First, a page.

Happy Birthday–December 1

Ed Reulbach (1882)
Willie Mitchell (1889)
Walter Alston (1911)
Calvin Griffith (1911)
Cookie Lavagetto (1912)
Marty Marion (1917)
Cal McLish (1925)
George Foster (1948)
Dan Schatzeder (1954)
Greg Harris (1963)
Larry Walker (1966)
Reggie Sanders (1967)
Kirk Rueter (1970)

As everyone reading this knows, Calvin Griffith was the long-time owner of the Minnesota Twins.  He had served in a variety of positions for the Washington Senators, including batboy, minor league player-manager, and working in the front office.  His managing career lasted from 1937-1941.  He also played for Class B Charlotte from 1939-1941.  No records of his playing career are available from 1939-1940, but in 1941 he got a hit in his only at-bat.

We would also like to wish a happy birthday to SBG’s father, Butch.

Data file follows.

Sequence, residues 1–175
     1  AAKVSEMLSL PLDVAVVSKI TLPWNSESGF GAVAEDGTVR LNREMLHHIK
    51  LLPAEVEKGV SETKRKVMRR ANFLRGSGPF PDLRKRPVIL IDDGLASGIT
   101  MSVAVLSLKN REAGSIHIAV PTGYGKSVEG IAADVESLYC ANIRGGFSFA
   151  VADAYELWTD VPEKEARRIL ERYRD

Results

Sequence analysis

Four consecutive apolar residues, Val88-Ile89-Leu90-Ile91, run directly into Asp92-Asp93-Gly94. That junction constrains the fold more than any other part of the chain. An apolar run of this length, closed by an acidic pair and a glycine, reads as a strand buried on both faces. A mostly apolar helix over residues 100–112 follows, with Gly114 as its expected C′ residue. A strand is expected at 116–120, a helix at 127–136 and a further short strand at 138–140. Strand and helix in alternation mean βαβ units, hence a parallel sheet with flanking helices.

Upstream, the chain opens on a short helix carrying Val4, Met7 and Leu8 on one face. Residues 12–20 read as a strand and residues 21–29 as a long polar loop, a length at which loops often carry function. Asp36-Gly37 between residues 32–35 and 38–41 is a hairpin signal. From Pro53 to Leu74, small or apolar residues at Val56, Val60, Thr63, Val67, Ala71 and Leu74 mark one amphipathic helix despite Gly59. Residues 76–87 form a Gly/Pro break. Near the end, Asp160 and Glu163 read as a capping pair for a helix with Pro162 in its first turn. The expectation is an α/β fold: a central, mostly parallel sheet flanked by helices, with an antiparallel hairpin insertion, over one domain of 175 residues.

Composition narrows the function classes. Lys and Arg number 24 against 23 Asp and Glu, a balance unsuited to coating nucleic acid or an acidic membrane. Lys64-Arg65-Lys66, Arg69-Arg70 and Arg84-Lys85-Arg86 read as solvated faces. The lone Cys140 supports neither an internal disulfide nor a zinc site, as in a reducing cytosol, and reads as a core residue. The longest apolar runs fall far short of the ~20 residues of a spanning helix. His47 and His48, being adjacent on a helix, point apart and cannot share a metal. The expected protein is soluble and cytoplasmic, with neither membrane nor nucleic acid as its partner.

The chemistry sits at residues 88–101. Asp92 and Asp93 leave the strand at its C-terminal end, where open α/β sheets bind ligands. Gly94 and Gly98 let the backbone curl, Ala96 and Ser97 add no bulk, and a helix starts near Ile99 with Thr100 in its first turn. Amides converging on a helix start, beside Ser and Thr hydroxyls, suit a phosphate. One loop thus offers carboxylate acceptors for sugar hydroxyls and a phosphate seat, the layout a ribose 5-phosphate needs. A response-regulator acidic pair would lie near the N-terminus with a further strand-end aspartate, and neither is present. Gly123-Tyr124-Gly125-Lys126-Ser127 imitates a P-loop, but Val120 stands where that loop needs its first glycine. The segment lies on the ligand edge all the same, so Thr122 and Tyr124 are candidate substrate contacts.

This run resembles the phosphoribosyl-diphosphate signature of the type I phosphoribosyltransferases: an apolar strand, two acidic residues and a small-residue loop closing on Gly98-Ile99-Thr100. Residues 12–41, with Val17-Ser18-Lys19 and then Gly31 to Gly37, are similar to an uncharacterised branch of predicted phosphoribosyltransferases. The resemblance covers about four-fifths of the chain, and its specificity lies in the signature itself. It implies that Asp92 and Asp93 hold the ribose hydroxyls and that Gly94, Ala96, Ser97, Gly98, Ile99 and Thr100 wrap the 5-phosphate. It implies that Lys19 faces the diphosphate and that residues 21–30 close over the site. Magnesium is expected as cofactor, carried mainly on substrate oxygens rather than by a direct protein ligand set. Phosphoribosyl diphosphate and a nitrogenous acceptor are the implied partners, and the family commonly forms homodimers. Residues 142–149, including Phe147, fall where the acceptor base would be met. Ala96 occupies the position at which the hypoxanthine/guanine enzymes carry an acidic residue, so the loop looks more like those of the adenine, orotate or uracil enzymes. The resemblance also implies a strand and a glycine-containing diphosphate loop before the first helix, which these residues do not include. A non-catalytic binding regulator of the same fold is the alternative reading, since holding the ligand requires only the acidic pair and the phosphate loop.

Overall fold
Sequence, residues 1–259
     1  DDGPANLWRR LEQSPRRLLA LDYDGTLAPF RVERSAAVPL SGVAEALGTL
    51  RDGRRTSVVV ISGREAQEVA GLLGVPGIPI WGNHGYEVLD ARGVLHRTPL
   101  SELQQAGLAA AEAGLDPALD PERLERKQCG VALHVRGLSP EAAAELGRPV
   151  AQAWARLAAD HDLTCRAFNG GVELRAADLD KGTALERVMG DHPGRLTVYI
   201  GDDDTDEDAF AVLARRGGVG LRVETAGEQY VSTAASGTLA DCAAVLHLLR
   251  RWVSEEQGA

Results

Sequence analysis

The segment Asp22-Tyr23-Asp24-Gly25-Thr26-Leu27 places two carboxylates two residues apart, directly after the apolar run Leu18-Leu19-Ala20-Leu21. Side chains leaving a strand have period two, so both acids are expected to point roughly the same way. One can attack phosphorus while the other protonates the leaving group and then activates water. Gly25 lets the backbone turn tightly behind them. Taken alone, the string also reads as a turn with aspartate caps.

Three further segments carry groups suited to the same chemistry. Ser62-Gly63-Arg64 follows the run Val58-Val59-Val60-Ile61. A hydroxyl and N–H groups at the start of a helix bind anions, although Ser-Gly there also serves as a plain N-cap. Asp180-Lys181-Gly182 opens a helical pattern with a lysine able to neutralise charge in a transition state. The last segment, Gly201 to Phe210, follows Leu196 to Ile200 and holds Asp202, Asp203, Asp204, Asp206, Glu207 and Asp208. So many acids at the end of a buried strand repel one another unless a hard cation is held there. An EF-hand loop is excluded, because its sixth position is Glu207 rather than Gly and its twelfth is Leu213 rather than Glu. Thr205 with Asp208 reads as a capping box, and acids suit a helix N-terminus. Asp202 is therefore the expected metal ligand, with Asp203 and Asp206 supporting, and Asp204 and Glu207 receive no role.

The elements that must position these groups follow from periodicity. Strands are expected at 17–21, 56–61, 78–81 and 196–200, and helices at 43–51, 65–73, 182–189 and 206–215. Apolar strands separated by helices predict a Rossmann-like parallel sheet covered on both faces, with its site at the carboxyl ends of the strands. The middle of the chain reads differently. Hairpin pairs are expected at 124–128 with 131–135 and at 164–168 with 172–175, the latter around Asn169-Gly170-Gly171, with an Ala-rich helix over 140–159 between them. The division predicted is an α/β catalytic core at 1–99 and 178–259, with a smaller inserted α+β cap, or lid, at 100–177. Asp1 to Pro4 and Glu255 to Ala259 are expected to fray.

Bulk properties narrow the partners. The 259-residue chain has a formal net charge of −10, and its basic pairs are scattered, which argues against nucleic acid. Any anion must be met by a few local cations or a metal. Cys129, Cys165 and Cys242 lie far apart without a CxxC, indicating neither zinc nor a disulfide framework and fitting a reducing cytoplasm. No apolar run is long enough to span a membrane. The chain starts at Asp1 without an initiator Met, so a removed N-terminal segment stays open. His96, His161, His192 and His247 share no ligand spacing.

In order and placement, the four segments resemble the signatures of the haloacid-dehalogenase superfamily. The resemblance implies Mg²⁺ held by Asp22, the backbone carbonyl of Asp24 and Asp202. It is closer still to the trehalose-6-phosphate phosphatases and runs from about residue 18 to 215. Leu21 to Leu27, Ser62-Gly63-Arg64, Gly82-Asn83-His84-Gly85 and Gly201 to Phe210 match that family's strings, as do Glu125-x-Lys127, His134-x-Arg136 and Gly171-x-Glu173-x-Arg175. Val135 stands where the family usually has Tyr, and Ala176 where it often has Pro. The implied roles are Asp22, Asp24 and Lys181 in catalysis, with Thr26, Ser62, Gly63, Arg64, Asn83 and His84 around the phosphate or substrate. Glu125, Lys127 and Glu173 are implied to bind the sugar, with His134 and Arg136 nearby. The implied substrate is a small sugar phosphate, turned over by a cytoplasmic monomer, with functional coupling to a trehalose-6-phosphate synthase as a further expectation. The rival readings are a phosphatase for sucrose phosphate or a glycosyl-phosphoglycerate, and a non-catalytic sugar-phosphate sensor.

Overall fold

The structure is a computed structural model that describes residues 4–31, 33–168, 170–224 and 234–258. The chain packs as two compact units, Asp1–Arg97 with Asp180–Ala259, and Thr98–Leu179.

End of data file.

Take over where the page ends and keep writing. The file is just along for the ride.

Harry Arthur "Cookie" Lavagetto was the first manager of the Minnesota Twins in 1961. He was born in Oakland, and attended Oakland Technical School. His first professional season was 1933, when he hit .312 in the Pacific Coast League at age 20. An infielder, Lavagetto got to the big leagues in 1934, playing three seasons in Pittsburgh. He was used as a part-time player, primarily at second base, getting about 200-300 at bats per year. After the 1936 season, he was traded to the Brooklyn Dodgers, which is where he became a star. He was the Dodgers' starting second baseman in 1937, then started at third for four years. His numbers as a Dodger are good, but not all that impressive: he hit .300 once, his highest home run total was 10, and he never stole more than 15 bases. Still, he made the all-star team every year from 1938-1941, and twice received MVP votes. Lavagetto lost four years to World War II, as he enlisted in the Navy. When he came back as a thirty-three-year-old in 1946, he was reduced to part-time status. Released by the Dodgers in May of 1948, he went back home to Oakland, playing three more years in the Pacific Coast League. He then went into coaching, spending three years with Brooklyn (1951-1953) and one with Oakland (1954) before joining Washington in 1955. He became manager in 1957 and came to Minnesota with the club in 1961. He was let go after 59 games that season with a record of 23-36. He became a coach for the original Mets and was thought to be the logical choice to succeed Casey Stengel as Mets manager, but a false diagnosis of lung cancer led him to take a coaching job with the Giants in 1964 so he could be closer to home. He retired in 1967 and assisted his wife in her therapy equipment business. Lavagetto is best remembered today for a pinch-hit double he hit with two out in the ninth inning of game four of the 1947 World Series, a hit which broke up a no-hit bid by Bill Bevens and won the game for the Dodgers. Cookie Lavagetto passed away from a heart attack on August 10, 1990 in Orinda, California.